ALAMEDA – Reggie McKenzie doesn’t talk to the media often, maybe a handful of times per year. That’s been the case since he became Raiders general manager in early 2012 and, throughout that time, those interactions come with a common line of questioning.
Everyone wanted to know about his grand plan to return the Raiders to greatness, or a progress report on it. It was a tall order, and McKenzie never said it was going to happen fast.
He had to get right with the salary cap and completely overhaul the roster, actions nearly impossible to do in tandem. He radically deconstructed, then reconstructed in a method that would set the team up for long-term success.
This was not a steady ascent. Poor play was expected early on, though mistakes intensified tough times and muddled his vision to the short sighted.
McKenzie never wavered, trusted his internal compass and steered this pirate ship through a storm. The skies have finally cleared. His Raiders are 9-2 heading into Sunday’s game against Buffalo, armed with a franchise quarterback, elite pass rusher and a respected head coach.
There’s a hulking offensive line, a pair of top receivers and quality cornerbacks secured for the long term.
Those old questions aren't valid anymore.
Deconstruction is long done. Reconstruction is clearly complete. Now it’s on to the next phase: Sustaining success.
“The key is that your drafted players become your core,” McKenzie said on Thursday in a meeting with local press. “As far as (what's next), you need to know you can sign them and keep them and continue that process.
“That’s where we are right now, and we feel good about where we are. We think we’ve built this thing to last.”
McKenzie has done so with a three-pronged attack.
1. He has drafted extremely well, over the last three years especially, building a young core headlined by Derek Carr, Khalil Mack, Amari Cooper, Gabe Jackson and Karl Joseph.
2. McKenzie found a respected head coach in Jack Del Rio guys want to play for, with a staff focused on development.
3. McKenzie has supplemented well in free agency – importing Kelechi Osemele, Rodney Hudson Michael Crabtree and Donald Penn, to name a few -- generally without saddling himself with burdensome contracts.
The Raiders were so flush with cap space a few years ago they were able to fork out huge amounts up front on contracts that become pay-as-you-go deals without dead money later on.
They often use roster bonuses over signing bonuses -- roster bonuses hit the cap all at once; salary bonuses impact the cap over the life of the contract – to help mitigate long-term impact. In short, that gives the Raiders financial flexibility and cap space to play with each year.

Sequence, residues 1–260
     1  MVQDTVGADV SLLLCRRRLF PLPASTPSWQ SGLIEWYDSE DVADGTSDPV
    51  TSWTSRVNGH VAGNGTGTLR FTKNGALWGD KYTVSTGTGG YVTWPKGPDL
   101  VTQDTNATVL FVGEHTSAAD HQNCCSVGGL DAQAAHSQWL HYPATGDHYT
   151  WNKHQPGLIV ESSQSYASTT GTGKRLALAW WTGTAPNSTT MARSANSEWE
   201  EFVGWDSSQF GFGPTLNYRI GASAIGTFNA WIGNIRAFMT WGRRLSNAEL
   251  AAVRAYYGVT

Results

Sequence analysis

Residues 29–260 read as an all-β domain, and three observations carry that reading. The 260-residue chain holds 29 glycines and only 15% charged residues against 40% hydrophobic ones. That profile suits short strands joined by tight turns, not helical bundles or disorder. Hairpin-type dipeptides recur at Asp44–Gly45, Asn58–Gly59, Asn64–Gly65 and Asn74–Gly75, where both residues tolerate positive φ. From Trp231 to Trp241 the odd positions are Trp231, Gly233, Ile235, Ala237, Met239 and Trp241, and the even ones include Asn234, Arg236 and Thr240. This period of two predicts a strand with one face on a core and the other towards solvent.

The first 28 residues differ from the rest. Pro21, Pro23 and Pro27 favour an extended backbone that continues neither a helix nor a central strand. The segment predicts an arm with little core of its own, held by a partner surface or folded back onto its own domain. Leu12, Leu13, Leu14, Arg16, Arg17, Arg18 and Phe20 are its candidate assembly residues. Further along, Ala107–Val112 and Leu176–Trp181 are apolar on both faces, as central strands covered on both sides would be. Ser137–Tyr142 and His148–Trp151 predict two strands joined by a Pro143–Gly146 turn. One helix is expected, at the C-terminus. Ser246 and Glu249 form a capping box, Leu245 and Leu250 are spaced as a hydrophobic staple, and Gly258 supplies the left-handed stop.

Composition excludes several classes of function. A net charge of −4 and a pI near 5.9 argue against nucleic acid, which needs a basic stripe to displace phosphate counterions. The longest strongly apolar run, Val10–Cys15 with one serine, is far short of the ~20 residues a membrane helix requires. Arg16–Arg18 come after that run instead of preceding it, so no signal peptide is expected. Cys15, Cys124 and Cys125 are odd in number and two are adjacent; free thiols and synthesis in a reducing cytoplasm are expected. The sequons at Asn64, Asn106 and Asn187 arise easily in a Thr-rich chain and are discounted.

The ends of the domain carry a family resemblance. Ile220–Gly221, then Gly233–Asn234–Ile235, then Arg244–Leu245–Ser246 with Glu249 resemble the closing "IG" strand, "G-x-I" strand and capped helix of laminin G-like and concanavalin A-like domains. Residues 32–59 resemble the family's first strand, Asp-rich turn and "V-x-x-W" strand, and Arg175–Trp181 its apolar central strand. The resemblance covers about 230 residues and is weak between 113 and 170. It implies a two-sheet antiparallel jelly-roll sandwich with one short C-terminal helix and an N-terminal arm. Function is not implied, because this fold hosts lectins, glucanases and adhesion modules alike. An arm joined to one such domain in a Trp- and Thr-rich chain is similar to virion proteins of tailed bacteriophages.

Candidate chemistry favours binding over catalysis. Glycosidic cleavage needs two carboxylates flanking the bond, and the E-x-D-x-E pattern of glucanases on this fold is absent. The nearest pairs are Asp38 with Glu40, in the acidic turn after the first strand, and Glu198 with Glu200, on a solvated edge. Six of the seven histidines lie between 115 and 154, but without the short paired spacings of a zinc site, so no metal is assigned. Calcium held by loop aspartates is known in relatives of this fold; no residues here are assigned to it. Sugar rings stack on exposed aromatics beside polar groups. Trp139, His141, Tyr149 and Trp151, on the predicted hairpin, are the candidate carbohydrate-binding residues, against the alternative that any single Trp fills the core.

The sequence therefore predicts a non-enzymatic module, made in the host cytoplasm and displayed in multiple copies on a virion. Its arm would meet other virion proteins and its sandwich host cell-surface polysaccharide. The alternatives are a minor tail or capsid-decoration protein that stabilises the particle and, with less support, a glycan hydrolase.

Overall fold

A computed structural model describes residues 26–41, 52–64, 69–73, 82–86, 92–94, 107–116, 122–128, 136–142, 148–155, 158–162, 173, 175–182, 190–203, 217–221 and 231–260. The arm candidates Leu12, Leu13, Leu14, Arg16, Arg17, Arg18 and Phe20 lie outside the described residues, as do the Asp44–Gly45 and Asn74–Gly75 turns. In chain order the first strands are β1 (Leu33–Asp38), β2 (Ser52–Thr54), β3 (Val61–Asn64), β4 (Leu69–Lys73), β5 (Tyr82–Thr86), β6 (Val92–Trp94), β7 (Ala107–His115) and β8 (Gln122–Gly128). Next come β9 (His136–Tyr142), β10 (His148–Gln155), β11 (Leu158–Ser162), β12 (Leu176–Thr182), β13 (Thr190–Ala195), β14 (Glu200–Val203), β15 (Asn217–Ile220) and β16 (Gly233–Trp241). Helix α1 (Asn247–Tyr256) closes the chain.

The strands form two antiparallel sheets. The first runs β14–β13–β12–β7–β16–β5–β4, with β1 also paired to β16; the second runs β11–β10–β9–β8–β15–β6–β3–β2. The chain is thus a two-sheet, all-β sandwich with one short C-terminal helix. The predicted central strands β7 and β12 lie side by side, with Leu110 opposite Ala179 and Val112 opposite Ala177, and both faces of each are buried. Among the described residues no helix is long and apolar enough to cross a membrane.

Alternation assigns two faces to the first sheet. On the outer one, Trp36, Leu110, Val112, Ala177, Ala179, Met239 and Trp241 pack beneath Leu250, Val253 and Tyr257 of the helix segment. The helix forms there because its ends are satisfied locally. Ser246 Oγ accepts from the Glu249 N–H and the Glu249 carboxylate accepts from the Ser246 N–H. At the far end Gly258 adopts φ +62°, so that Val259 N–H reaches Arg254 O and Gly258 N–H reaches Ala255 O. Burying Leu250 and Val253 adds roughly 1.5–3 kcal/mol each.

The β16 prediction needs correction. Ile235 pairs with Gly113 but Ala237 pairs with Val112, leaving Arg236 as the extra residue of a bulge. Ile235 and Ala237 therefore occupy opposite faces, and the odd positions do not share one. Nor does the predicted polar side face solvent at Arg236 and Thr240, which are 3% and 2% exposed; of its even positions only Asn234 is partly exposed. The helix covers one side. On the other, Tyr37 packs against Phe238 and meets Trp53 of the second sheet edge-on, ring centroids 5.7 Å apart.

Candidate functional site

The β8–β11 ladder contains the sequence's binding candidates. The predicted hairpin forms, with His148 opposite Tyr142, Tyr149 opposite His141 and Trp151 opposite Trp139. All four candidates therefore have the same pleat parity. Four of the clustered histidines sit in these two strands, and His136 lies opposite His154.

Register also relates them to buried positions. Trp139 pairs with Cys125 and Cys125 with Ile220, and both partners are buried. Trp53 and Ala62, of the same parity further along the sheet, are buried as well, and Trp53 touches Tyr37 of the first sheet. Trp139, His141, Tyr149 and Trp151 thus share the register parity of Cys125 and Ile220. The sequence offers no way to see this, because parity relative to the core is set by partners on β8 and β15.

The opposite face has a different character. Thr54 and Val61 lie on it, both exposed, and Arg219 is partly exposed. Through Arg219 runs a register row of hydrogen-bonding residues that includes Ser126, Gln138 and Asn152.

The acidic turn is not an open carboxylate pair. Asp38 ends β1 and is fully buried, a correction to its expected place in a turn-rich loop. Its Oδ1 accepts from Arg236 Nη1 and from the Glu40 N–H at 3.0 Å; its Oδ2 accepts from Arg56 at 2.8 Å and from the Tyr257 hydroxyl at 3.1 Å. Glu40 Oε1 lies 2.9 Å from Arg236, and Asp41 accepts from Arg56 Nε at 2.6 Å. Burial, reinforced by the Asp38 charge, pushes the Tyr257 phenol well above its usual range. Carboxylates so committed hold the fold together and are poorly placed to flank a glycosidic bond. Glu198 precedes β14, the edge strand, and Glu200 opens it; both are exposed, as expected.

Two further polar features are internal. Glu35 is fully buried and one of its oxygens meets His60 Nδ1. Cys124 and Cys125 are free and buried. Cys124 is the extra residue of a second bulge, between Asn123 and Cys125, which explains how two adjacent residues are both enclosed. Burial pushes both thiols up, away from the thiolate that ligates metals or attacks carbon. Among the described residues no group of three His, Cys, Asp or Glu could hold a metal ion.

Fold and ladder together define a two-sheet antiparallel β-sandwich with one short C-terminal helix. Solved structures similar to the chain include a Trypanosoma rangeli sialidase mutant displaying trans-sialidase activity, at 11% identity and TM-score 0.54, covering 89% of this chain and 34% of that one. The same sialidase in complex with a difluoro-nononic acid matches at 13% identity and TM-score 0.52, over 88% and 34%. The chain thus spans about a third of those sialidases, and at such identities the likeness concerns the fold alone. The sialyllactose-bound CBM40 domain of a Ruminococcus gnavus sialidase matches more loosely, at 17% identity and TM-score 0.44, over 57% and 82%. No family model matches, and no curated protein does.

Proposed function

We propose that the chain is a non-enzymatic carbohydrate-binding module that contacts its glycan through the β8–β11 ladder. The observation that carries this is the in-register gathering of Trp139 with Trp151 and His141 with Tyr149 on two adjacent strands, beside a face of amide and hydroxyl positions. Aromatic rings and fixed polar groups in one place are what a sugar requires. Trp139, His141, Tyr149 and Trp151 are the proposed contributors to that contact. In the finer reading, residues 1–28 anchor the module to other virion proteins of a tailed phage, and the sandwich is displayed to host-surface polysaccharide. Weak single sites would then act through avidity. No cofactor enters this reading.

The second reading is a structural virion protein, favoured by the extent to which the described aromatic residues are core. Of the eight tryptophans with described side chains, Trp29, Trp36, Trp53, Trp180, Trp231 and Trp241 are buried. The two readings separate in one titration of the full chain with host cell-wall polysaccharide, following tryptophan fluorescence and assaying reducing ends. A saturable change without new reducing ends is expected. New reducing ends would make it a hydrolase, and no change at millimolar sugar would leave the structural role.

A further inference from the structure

They’ll need it soon. Raiders premier players have come cheap, but the taxman is coming. Carr and Mack are still on rookie deals, but big contract extensions are a fait accompli. The same goes for Cooper when the time comes.
“The premier players will get paid, and we’ll try and keep everything intact as much as we can,” McKenzie said. “But what happens when your talented players play well? Contracts come up at times where they can benefit from it.”
Some teams -- New Orleans, for example -- suffer with a few players consuming significant cap space. Other teams, like New England and Seattle, keep on trucking with a good quarterback, defensive cornerstones and cheaper replacements through the draft or free agency.
“You have to continue to function with some young players,” McKenzie said, “and you have to find some mid-tier veterans who can step in and play well.”
The Raiders have been good mining undrafted free agents – McKenzie takes particular pride in those – to help keep the cupboard stocked.
While the Raiders rise may seem concentrated, from 3-13 in 2014 to 9-2 nearly two completed seasons later, it wasn’t quite so quick. McKenzie’s first two seasons were extremely lean while disposing of bad contracts, with a few hiccups that led many to question his vision.
Owner Mark Davis wasn't one of them. He stuck with McKenzie, a decision that looks pretty darn smart. His GM is certainly thankful for that.
“We were in constant communication the four years leading up to this year,” McKenzie said. “Nobody’s excited about losing seasons, but he did see the promise, and he believed in me. That was enough said. I told him my process, and he knew it wasn’t going to be a quick fix. We could try, but that wasn’t my style. That says a lot, because he was probably getting it from a whole lot of people to hurry up.”